I Want My WebTV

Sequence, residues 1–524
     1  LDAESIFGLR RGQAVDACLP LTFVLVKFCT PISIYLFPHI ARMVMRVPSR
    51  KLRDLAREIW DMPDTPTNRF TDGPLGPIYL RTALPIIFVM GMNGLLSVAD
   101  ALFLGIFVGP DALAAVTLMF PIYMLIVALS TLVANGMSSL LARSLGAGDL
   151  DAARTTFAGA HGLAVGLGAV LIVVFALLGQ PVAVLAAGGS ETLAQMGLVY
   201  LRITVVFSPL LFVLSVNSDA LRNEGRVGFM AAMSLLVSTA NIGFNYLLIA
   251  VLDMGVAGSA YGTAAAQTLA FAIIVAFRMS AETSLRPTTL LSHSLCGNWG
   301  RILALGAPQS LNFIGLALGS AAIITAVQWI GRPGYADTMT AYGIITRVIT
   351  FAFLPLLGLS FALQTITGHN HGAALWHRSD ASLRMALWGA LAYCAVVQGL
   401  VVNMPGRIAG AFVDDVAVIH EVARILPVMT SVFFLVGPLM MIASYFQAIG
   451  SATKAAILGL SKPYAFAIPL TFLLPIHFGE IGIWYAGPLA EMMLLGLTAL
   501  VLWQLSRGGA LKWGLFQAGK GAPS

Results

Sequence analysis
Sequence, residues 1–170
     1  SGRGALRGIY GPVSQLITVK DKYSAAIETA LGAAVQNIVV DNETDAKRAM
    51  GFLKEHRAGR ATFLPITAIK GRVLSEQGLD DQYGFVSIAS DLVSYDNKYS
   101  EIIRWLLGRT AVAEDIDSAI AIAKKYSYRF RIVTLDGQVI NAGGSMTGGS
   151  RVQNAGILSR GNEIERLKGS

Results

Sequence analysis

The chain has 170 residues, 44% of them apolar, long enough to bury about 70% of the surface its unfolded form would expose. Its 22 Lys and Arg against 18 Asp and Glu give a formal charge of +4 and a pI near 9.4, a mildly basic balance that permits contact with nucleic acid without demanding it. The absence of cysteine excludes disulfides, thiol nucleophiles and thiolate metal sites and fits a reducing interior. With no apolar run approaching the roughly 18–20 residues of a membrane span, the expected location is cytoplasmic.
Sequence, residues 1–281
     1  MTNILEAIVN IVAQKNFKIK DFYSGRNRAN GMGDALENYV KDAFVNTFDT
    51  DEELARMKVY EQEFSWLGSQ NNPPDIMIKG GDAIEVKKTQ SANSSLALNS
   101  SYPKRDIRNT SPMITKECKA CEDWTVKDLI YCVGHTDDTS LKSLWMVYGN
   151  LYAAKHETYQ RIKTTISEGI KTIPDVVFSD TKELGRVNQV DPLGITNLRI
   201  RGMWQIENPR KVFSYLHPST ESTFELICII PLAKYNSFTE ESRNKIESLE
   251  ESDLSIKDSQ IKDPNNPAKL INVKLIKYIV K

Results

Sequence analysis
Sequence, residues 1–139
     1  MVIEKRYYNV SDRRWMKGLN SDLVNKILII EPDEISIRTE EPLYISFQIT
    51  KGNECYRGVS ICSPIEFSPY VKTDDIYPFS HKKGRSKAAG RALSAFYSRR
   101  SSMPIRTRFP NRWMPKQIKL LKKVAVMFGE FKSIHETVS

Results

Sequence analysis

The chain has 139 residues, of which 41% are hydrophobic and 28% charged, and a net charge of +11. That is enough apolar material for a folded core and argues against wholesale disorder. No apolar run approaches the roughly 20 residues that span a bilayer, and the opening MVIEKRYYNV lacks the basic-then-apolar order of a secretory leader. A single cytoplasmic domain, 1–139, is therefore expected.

Turn on, tune in, surf the Web. That could suffice as the entire printed manual for the new consumer information appliance, WebTV.While mountains of industry hype has surrounded undelivered technology such as cable modems and satellite Internet delivery systems, WebTV has quietly appeared in retail outlets around the country at Christmas, offering an elegant and inexpensive alternative that really makes sense.WebTV is a set-top box that plugs into your TV. It's so darn simple: just plug in a phone line and even your grandma can be cruising the Web in fifteen minutes.What's in the box? Basically, it's a fast 33.6 Kbps modem, a fast 120 MHz RISC processor and a few megabytes of memory.But who cares, really? Certainly not WebTV's target audience. This product is aimed squarely at the nontechnical among us, the vast majority who have trouble just setting the time on their VCR. These aren't folks who upgrade their microwaves to version 2.5b2. They aren't going to buy a computer and learn to use one, but they do want to cruise the web and send emailto family and friends. They just want something that works and they're tired of feeling left out.And in some ways, WebTV offers a real improvement over other methods of accessing the Internet. No more waiting for your computer to boot Windows95, dial your Internet service provider, then load Netscape and a dozen plugins. Plus no configuration hassles getting everything to work together. It's truly plug and play, not plug and pray. WebTV is easier to get up and running than a VCR and it eliminates the problems of software upgrades. Whenever the software is updated or enhanced it is downloaded automatically to your box in the background.The idea of displaying computer output on a regular television set might sound like a losing proposition. It certainly was in the old days of the early Atari computers. WebTV, however, utilizes sophisticated image compression and enhancement technology and what you see on the screen is truly enjoyable to view. Text displays clearly and sharply enough for emailmessages to be readable from the couch across the room and web pages display remarkably well in comparison to what you would see on a traditional computer monitor.Navigation with the remote control is also a pleasure. Since you don't have a mouse to click on web page links, you use the remote to move up, down, left and right highlighting links on a page and press the "go" button to activate a highlighted link. There are also buttons that allow you to scroll up and down. There is no provision, however, for horizontal scrolling. Usually, though, only poorly designed web pages require this capability anyway.Each WebTV system comes with up to five emailaddresses for use by different members of a household. Each can have a separate password if desired and, additionally, SurfWatch screening software is included for those wishing to block out those Triple X sites from the impressionable surfers.Since WebTV has no disk drive, your emailis stored on a remote server which comes in handy if you ever have the power go out while using the system. According to Mark Klosowski, a WebTV representative, the system allows you to store up to 150 messages or two megabytes worth of messages, and the system displays a warning upon your reaching 80% capacity advising you to start thinking about removing old messages.Some interesting scenarios made possible by WebTV include being able to view an online TV guide on the web then switch directly to a program you've just located. Or you could immediately visit a web site whose address was just displayed on television or send an Emailto a sponsor or politician. Some TV programs, particularly sports programs, also now provide expanded content on the web that corresponds to their regular broadcast programming; you could switch to the web during a commercial break to find out more about a player's stats, for instance.And have you ever wished you could tape a record of your web adventures? Well that, too, is possible. Just run WebTV through your VCR and hit record and later you can relive those wasted hours to your heart's content. This could actually be helpful if you were doing research for a homework project or something similar.Whenever you want an immediate update of current news, weather, or sports, it's only a click away. Sites like these can be stored in easily maintained bookmark files and revisited whenever you want. And the recent addition of RealAudio capability lets you turn your television set into a long distance radio and listen to broadcasts of sporting or music events as well as a raft of talk oriented programming. You can also find a wealth of alternative music on the web that your local radio station hasn't even heard of yet.WebTV probably won't appeal as much to the dedicated computer hobbyist who's already online. There's currently no way to download or save files and there is no support yet for Java, JavaScript or ActiveX applications. There also is currently no way to connect a printer but that should be remedied shortly. For its intended audience, though, WebTV seems like technology done right.A recent survey by Yankelovich Partners, Inc. seems to show that consumers without Internet access would prefer to surf the web by television almost two to one. Expect WebTV or similar technology to catch on in the near future. And with its acceptance, look for changes in the demographics of Internet users as the ranks of Netizens swells with couch potatoes.WebTV is a bundled product and service. Both Sony and Phillips-Magnavox manufacture the boxes, which cost around $320 and come with a wireless remote control for navigation. An optional wireless keyboard goes for about $70 or you can use an inexpensive traditional 6-pin wired keyboard. You probably should get a keyboard of some kind or you will be typing all your emailon a cumbersome on-screen keyboard that resembles a Ouija board.You subscribe to WebTV, based in Palo Alto, CA for a monthly subscription fee of $19.95 for unlimited Internet access. WebTV claims to provide access to 90 percent of the residents of the continental US through partnerships with several national Internet service providers including Concentric Network and IDT.You can find more about WebTV at www.webtv.net.